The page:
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Begin planning your visit right now!See Sicily with a great Sicily tour!
 Small group size, usually fewer than 16.
 Convenient itineraries with just 2 or 3 hotel check-ins.
 Tours almost every week.
 Good prices because there's no re-seller between you and us.
 "Must-see" sights plus a few "secret" ones.
 Choice of several tours.
 Exceptional tour leaders/guides.
 Good hotels and restaurants.
 Personalized services like airport pick-up or extra nights before/after your tour, because our staff of Sicily travel specialists is based in Sicily.
 Visit us right now for details, FAQs and reservations. We also do custom tours, for groups of any size.

Your travel agent in Sicily!Personal Travel in Sicily
Shouldn't your tailor-made vacation be arranged by your own travel expert in Sicily? Sicily Concierge will plan your trip from arrival to departure, whether it's a one-day excursion or a one-week itinerary. You can expect real travel services from real travel agents.Visit Sicily Concierge. Start dreaming, and visit Sicily Concierge. Castles in the clouds are just the beginning.

The Leopard comes alive.
The Leopard Tour: Discover the places that inspired Giuseppe Tomasi di Lampedusa's classic novel, The Leopard (Il Gattopardo), in a personalised walking tour of Palermo as he saw it.

Sicilian writers.
Related pages: BooksSicilian LegacyThe Sicilian LanguageArts & ArtistsSicilian CultureInvisible Sicily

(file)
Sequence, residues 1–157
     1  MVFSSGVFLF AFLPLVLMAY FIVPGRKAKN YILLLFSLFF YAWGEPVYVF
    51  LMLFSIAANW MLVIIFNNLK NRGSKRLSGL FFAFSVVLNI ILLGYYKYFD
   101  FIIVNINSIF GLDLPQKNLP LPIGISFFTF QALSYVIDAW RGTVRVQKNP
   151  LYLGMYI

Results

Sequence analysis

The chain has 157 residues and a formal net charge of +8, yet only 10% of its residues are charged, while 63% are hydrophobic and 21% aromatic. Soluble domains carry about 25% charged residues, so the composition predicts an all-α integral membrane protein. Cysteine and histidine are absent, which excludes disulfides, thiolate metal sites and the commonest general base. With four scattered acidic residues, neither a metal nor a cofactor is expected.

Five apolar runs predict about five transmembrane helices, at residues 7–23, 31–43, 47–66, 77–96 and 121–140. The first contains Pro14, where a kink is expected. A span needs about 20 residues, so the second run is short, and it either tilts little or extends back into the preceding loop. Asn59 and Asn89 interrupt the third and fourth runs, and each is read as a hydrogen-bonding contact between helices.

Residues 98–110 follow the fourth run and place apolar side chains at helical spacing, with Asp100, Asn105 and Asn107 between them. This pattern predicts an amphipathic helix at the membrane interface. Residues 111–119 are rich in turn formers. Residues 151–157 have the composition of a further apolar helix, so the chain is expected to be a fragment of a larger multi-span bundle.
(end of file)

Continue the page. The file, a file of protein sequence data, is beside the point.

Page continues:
The Professor and the Mermaid.    It comes as no surprise that Sicilian literature is a reflection of Sicily's cultural identity over the centuries. Most historians and linguists agree that it was born in the twelfth century at the Norman and Swabian courts with the Sicilian language. Until then, most Sicilians spoke Byzantine Greek or Siculo-Arabic (or both), or perhaps Norman-French. The Normans and the Church of Rome brought to the island a Latin influence that had all but vanished with the fall of the Empire in the fifth century. Dante recognized the importance of the Sicilian School of poetry.
    We're a bit partial, but it's amazing how much of the greatest Italian writing of the 20th century has roots in Sicily. Here the focus is Sicilian literature known internationally. To our list could be added distinguished Sicilian writers like Luigi Natoli, Vitaliano Brancati, Federico de Roberto and others not especially well known outside Italy, and perhaps Aeschylus and a few other Greeks of ancient Sicily. It could be argued that the earliest "Sicilian" literature consisted of Greek myths having locales and characters in Sicily; the story of Persephone comes to mind.
    Greek mythology aside, according to the modern definition Sicilian literature is most often written in Italian or Sicilian by authors who were born or raised in Sicily. Stories which happen to be set in Sicily (The Bears' Famous Invasion of Sicily by Dino Buzzati and The Winter's Tale by Shakespeare) are not "Sicilian" literature per se, though some such works are listed on our books page. Here the links take you to pages dedicated to specific authors whose work touches the very soul of Sicily.
    What explains Sicilians' deep passion for their island's literature? If there is a single, common thread, an underlying trait present in most Sicilian literature, it is a certain sense of realism. Whether the emphasis is social commentary, an observer's insight or an anti-Fascist's defiance, it's difficult to imagine any Sicilian writer sidestepping the realities to be found in this very complex society, almost a nation unto itself. Visit the book page for more information on a few specific titles in print.